Camille Hart, an employment specialist with Volunteers of America in Jamaica, N.Y., said that while she has mostly been treated fairly during her career in recruiting and human resources, that hasn’t always been the case.
“I do remember one instance when I was not invited to attend a convention in our field, and I felt lonely,” said Hart. “My supervisor seemed to have invited all of the other staff. It was a question mark in my mind. Then I realized I was not invited because I did not fit into the blonde, blue-eyed, young mold that the supervisor wanted to represent the department at the convention.”
Other times in her career, Hart said, she was made to feel different because she was black.
“I was on staff at a boutique firm in the recruiting industry, and all of us were getting ready for a Christmas party to be held at an exclusive hotel. All of the women were at our desks applying lipstick, mascara and other makeup for the party,” Hart recalled. “I plugged in my curling iron to touch up my hairstyle. A white, female coworker commented, ‘You guys and your hair — you go through so much for your hair!’ I wondered why I was being singled out and told the coworker that I was offended. She said I was being too sensitive.”
Hart said that coworker was also a social friend who didn’t realize that her comment would be seen as offensive.
When You Are the ‘Only’ at Work
Loneliness at work can be especially common when people of color are the only racial minorities in a workplace or are in a room full of colleagues, if there is a high level of insensitivity.
When I wrote a Next Avenue article about the LeanIn/McKinsey study,Women in the Workplace 2018, Alexis Krivkovich, one of the study’s authors, told me: “The impact of being an ‘Only’ is a phenomenon affecting twenty percent of all women and twice that for women of color where they feel uniquely alone.”
In that study, 41% of black women surveyed said they had never had a substantive interaction with a senior leader about their work.
And in the Center for Talent Innovation’s report about being black in corporate America, black women were shown to be less likely to have access to the same support and advocacy as white women. That study said 35% of white women had people in their work networks who advocated for their ideas and skills, while only 19% of black women did.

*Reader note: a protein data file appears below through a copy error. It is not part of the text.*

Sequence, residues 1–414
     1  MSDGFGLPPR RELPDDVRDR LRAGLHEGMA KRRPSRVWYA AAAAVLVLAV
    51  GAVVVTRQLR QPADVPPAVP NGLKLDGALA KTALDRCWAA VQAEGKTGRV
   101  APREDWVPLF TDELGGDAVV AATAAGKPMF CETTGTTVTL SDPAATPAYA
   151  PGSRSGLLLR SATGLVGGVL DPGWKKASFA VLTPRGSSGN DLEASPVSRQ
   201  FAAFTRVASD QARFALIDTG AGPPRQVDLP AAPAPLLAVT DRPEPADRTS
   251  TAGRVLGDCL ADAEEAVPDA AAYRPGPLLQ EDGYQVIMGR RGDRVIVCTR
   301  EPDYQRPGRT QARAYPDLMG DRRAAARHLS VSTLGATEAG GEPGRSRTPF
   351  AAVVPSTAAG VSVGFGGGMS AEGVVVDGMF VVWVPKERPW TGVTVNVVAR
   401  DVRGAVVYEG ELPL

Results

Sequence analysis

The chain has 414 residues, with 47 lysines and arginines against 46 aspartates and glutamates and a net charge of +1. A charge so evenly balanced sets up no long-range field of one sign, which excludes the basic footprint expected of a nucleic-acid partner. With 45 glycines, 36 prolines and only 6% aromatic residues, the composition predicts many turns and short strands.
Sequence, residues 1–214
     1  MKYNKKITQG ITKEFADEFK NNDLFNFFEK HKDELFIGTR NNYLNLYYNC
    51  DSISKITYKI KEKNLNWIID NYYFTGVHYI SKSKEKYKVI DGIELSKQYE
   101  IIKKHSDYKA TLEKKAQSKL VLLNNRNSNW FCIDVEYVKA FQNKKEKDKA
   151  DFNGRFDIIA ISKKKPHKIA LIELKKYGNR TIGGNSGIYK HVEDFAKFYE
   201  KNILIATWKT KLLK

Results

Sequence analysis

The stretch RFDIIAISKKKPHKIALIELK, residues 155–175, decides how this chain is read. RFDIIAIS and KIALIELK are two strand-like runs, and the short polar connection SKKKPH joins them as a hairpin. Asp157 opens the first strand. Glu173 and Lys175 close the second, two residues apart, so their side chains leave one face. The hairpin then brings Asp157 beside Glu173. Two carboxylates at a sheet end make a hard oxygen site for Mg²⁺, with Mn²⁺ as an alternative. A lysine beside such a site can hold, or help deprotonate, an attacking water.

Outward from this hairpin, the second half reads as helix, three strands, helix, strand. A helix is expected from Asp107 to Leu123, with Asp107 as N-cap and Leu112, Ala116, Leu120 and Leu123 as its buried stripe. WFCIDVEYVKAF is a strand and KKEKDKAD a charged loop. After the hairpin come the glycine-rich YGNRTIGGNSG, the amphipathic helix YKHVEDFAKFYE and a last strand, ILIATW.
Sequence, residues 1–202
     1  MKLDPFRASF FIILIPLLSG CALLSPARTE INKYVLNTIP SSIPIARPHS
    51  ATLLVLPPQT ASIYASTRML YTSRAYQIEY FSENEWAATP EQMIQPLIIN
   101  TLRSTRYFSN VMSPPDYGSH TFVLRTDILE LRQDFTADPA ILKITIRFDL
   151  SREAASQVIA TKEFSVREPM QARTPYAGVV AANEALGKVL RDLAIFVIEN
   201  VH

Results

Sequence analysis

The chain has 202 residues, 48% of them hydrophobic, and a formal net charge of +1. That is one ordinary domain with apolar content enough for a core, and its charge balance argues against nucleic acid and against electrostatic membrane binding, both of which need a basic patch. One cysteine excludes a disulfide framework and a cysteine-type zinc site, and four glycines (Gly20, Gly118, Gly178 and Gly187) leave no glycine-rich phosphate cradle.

What Employers Could Do to Help
Hill offered three suggestions for employers to reduce loneliness at work felt by some black and Hispanic workers:
Establishing employee resource groups “helps to eliminate the issue of feeling isolated at work,” he noted. They “give workers the understanding that there are others in different departments like them and also gives them the opportunity to network.”
Also, Hill said, with an employee resource group, “you have an opportunity to raise your hand and it puts you in front of executive leaders.”
Hill also thinks employers’ diversity officers should create diversity climate studies, with focus groups. “People may not always say, ‘I’m lonely at work,’ but with a good focus group facilitator, they might share things,” said Hill.
And, he advised management, “develop a diversity index and employee engagement scores.” That means asking questions like: Are you treated with respect? and Does your leader listen to your suggestions?
Experts doubt that employers will ever be able to eliminate feelings of loneliness and isolation by black and Hispanic workers. “Ageism, sexism, racism still exist,” said Prince. “but the world is changing. I’m optimistic.”
Leslie Hunter-Gadsden is a journalist and educator with over 25 years experience writing for print and online publications. She has covered business and a variety of topics for several consumer and trade publications and media outlets including Next Avenue, Black Enterprise magazine and Sisters from AARP newsletter.
The opinions expressed in this article are those of the author and do not necessarily reflect those of the Diverse Elders Coalition.